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Published: Tuesday, 10/15/2013

John J. Burkhart [1920-2013]; Chief counsel wrote city’s tough gun control law

BY MARK REITER
BLADE STAFF WRITER
Burkhart Burkhart
HANDOUT NOT BLADE PHOTO Enlarge

John J. Burkhart, 92, former chief legal counsel for the City of Toledo who authored strict handgun-control legislation in the late 1960s, died Monday in Perrysburg Commons Retirement Center, where he lived 2½ years.

Mr. Burkhart, formerly of West To-ledo, died of complications of heart disease, said his son, John.

An attorney in the city law department 26 years, he was responsible for drafting council legislation to control the use of handguns through registration of owners, a move that was prompted by the assassinations of President John F. Kennedy, his brother, Robert Kennedy, and Martin Luther King, Jr.

The ordinance, adopted by council in 1968, aimed to get inexpensive handguns off the street. It allowed police to confiscate more than 700 weapons in three years and reduced crime involving handguns. “He was a very strong gun-control advocate and remained so to this day and up to his passing. He really opposed the ownership of handguns and wanted to implement stricter control on illegal handguns,” Mr. Burkhart said.

He also was the chief negotiator in the late 1950s and early 1960s in the city’s annexation of land in Adams and Washington townships, moves that eventually doubled the geographic area of the city.

Mr. Burkhart said Adams Townships officials appealed to the U.S. Supreme Court, where his father argued successfully on the city’s behalf.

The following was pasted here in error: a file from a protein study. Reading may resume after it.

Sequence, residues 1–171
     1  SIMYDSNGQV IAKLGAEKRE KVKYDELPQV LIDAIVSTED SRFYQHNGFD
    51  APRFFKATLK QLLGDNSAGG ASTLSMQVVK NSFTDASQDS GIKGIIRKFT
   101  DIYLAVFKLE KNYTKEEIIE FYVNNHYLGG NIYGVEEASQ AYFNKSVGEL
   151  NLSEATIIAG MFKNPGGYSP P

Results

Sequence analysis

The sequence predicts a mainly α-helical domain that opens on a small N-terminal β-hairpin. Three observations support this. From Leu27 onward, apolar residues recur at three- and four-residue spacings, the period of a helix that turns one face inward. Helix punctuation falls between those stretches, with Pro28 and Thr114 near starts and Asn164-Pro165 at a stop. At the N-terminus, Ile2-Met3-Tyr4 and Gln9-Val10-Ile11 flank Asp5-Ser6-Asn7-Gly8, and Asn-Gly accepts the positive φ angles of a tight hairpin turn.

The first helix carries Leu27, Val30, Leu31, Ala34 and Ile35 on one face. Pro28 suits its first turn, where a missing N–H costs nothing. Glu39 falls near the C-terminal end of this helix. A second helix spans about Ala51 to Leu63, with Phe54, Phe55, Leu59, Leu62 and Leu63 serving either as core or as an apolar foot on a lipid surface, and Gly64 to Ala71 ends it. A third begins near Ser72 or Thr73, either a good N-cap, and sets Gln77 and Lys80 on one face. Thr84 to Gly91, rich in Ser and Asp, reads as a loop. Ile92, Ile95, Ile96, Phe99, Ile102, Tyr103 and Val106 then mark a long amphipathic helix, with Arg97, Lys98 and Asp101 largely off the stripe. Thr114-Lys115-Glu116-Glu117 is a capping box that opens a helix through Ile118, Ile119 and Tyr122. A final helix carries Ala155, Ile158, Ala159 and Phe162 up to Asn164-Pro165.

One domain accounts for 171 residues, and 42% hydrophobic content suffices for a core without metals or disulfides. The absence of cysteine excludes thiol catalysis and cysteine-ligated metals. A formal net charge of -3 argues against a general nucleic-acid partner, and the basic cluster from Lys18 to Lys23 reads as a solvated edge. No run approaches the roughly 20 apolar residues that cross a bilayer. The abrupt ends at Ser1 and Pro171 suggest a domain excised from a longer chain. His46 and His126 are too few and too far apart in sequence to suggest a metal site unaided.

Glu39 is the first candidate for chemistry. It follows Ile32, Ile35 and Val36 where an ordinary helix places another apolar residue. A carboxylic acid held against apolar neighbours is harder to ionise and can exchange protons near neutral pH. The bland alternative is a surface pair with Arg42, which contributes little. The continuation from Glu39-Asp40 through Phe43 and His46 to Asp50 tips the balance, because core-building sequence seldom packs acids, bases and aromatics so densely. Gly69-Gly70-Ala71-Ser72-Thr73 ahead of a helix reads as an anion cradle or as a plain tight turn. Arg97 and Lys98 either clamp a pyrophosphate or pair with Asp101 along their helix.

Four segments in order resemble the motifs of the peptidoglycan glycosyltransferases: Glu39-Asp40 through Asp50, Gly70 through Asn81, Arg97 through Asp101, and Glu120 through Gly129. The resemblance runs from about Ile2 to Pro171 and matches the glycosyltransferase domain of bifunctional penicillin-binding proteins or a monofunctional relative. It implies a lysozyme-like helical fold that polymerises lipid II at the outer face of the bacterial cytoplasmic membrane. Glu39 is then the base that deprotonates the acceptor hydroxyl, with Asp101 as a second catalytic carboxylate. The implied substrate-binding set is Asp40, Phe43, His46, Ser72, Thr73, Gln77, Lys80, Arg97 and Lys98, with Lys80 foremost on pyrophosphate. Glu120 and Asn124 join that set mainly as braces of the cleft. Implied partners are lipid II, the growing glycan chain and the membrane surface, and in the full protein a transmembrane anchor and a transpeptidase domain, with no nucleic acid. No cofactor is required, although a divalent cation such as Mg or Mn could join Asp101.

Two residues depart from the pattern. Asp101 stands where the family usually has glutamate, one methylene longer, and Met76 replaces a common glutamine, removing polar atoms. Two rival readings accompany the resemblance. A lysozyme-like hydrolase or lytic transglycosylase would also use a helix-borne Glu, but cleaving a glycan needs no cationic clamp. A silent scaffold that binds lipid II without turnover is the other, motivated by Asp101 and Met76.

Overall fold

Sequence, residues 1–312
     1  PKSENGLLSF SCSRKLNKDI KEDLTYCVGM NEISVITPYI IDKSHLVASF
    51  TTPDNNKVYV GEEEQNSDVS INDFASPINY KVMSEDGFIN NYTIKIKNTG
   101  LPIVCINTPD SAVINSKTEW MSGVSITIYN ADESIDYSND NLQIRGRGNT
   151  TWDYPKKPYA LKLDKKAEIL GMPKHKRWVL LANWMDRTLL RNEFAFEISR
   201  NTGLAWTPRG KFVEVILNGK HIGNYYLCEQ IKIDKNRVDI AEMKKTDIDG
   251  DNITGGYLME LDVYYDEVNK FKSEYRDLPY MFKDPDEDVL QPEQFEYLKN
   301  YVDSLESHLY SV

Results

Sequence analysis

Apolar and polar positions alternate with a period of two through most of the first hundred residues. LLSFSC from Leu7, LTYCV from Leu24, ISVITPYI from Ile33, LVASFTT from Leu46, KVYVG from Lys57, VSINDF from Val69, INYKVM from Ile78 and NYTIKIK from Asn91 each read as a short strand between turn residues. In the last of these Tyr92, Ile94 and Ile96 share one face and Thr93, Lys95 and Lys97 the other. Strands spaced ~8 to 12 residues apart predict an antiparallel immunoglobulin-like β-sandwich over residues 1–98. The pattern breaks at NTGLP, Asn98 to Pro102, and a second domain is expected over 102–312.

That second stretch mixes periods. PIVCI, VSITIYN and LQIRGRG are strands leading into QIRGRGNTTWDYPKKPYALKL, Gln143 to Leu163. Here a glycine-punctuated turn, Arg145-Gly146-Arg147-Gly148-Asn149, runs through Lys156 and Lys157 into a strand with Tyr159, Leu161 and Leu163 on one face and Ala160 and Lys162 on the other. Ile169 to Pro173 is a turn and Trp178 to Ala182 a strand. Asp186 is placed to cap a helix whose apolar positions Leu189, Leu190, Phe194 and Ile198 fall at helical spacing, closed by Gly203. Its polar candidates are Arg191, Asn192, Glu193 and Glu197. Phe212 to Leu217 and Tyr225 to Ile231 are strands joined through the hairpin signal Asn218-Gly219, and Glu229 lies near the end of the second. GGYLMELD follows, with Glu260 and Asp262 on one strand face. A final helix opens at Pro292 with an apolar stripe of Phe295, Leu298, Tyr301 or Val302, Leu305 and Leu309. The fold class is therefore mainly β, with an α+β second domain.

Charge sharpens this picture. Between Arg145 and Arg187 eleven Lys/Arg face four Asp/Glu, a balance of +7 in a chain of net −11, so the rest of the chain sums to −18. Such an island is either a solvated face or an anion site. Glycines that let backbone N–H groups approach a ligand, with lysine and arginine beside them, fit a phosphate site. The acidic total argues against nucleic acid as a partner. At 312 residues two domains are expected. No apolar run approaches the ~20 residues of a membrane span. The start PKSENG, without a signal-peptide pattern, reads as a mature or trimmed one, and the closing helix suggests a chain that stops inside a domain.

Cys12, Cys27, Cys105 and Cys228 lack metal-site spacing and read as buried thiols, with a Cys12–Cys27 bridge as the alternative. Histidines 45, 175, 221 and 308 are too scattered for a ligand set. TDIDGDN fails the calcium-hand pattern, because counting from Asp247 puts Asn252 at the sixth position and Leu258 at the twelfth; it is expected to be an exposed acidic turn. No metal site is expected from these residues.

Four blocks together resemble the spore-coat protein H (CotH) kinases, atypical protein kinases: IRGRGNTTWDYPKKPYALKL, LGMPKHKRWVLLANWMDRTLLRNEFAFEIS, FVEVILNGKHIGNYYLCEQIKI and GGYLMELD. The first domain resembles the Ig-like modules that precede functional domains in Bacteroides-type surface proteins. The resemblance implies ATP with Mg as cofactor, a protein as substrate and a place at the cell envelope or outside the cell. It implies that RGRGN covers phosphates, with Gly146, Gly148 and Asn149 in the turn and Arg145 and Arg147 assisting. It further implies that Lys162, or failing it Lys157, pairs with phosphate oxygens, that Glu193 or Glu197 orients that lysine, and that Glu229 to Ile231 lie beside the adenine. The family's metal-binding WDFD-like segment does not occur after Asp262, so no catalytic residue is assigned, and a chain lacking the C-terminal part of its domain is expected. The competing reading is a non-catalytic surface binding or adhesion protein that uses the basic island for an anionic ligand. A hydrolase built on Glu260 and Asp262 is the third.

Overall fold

A lifelong Toledo resident, he joined the city law department in 1954 as a prosecutor and became chief trial counsel five years later. He was named chief legal counsel in 1965. He retired from the department in late 1980 and went to work part-time for the Toledo Area Regional Transit Authority.

In 1986, he was vice chairman of the Toledo city charter review commission, which rejected a proposed strong-mayor form of government. He and Chairman John Stoepler resigned when the city council ignored the panel’s rejection and put a strong-mayor amendment on the ballot.

Mr. Burkhart grew up in South Toledo. He graduated in 1938 from Central Catholic High School.

He continued his education at DeSales College, earning a degree in political science in 1942. He volunteered for the U.S. Coast Guard and served as a gunner’s mate in the North Atlantic and off the coast of China during World War II.

He met the former Blanche Page at a CYO dance after the war. They were married on June 7, 1947. She died Nov. 25.

He attended law school at Ohio Northern University, receiving his degree in 1948.

Mr. Burkhart said his father established a law practice in the Spitzer Building, where he shared an office with the late Francis “Buddy” Restivo, who was a Toledo Municipal and Lucas County Common Pleas judge.

Surviving are his daughter, Kathleen Coy; sons, Patrick, John, and Michael; 11 grandchildren, and two great-grandchildren.

Visitation will be from 2-8 p.m. Friday in the Sujkowski Funeral Home Northpointe, 114 E. Alexis Rd., where St. Catherine Marian Society will lead the recitation of the Rosary at 5 p.m. The funeral Mass will be at 10 a.m. Saturday in St. Catherine of Siena Church.

The family suggests tributes to the church, University of Toledo Athletic Scholarship Program, or Heartland Hospice.

Contact Mark Reiter at: markreiter@theblade.com or 419-724-6199.



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